Saturday, July 22, 2006

"Whatever Happened to Rescuing People from Hell?"

Robertson McQuilkin offers upLost Missions: Whatever happened to the idea of rescuing people from hell? in Christianity Today.

In full ...

The official representative from Saddleback Church had just finished his powerful presentation of Rick Warren's P.E.A.C.E. plan. Afterwards, I told him that I use The Purpose-Driven Church in a doctoral-level course, and also how much I appreciate Warren's impact on the church. But when I mentioned the critical omission of missions in the book, this rep grinned in agreement. That's why he and I welcomed the P.E.A.C.E. plan (CT, October 2005, p. 32), which outlines a holistic approach to the church's responsibility to the world, conquering the "giants" of poverty, illness, and ignorance. The plan is marketed as a wholly new paradigm for doing missions.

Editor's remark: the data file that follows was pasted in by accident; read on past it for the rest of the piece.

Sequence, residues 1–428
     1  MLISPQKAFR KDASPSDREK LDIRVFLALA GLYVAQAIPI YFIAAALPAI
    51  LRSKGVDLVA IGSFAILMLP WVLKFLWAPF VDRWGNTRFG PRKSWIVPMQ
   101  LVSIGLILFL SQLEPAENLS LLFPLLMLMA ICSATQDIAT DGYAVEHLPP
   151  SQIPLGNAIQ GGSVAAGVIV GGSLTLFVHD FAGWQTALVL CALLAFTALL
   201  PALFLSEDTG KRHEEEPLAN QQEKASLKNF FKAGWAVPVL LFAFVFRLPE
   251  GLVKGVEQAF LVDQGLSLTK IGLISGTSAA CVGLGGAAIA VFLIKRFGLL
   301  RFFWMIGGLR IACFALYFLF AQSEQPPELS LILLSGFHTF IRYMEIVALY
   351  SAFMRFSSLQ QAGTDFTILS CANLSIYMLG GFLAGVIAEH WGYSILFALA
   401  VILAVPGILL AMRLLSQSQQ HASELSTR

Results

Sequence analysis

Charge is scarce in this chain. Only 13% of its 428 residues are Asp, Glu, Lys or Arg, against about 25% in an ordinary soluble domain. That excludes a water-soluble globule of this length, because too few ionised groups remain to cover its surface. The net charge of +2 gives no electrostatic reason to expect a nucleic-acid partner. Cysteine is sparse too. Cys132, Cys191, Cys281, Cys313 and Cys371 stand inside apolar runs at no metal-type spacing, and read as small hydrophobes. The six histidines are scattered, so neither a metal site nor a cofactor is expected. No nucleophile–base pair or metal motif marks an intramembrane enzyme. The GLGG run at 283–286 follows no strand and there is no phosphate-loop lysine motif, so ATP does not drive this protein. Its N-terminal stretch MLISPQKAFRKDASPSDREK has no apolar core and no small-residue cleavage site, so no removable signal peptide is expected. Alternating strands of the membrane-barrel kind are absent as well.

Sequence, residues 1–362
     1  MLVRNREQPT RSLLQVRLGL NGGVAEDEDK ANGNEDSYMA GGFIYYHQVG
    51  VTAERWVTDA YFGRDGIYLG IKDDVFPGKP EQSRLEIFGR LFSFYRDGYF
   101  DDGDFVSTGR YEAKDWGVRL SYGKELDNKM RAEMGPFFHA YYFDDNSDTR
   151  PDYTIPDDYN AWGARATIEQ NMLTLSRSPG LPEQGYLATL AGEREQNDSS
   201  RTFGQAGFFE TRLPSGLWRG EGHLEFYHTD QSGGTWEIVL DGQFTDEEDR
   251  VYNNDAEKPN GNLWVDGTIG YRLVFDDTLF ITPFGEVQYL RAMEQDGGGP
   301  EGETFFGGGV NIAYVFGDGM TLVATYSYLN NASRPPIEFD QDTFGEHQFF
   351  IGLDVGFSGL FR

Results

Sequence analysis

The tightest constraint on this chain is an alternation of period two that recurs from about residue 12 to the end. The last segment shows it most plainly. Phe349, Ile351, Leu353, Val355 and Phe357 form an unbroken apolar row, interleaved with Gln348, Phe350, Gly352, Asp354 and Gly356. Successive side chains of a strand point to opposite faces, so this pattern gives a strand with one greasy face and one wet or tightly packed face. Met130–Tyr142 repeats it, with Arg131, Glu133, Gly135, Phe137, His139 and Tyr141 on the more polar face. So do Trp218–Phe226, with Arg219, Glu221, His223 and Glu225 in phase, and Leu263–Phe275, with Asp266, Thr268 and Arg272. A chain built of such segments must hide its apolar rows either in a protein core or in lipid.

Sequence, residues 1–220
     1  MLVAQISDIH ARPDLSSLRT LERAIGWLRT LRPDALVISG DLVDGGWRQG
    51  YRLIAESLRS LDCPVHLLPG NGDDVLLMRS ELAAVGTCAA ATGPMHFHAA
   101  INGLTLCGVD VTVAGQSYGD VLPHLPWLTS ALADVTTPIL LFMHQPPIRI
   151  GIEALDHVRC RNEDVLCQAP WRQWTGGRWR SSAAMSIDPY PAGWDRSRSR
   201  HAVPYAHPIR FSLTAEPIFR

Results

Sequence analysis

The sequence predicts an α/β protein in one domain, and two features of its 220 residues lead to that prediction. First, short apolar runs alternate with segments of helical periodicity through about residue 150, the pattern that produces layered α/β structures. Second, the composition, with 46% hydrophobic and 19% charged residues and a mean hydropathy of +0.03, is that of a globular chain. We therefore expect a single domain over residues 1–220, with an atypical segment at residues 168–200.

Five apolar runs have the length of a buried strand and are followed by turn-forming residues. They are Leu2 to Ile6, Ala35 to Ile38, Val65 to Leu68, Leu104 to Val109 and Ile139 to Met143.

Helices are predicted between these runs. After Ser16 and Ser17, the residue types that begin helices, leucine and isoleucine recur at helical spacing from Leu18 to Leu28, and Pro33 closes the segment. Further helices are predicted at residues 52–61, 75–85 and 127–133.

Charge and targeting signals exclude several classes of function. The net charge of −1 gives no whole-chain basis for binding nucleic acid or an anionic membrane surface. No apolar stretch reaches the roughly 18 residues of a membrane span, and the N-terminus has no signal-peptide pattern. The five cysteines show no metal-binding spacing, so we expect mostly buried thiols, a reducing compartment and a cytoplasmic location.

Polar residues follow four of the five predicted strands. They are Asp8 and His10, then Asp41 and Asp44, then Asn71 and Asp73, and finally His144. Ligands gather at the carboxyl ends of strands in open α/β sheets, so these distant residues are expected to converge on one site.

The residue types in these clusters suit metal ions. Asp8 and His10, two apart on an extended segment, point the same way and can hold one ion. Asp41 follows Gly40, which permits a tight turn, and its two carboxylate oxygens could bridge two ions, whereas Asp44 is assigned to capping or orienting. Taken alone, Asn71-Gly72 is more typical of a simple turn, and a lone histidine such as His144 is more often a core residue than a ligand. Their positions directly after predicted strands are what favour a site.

Warren's well intended, helpful, and increasingly popular approach, however, is not fundamentally new. It tackles the Great Commission with methods that have been wending their way through the evangelical missionary movement for at least two decades: using (1) short-term teams and money via (2) church-to-church ministry (the local church "here" partnering with a local church "there"). Let's look at them before we examine an equally troubling theological shift.

Strategy Problems
1. Short-term teams and money. This "new" approach to doing the evangelistic part of missions began to emerge in the 1970s, especially with Calvary Chapel and other megachurches. And it has been wildly successful, at least in terms of raw statistics. While the number of long-term missionaries from North America has stayed basically static, the number of American laity involved in short-term projects grew from 22,000 in 1979 to more than a million today.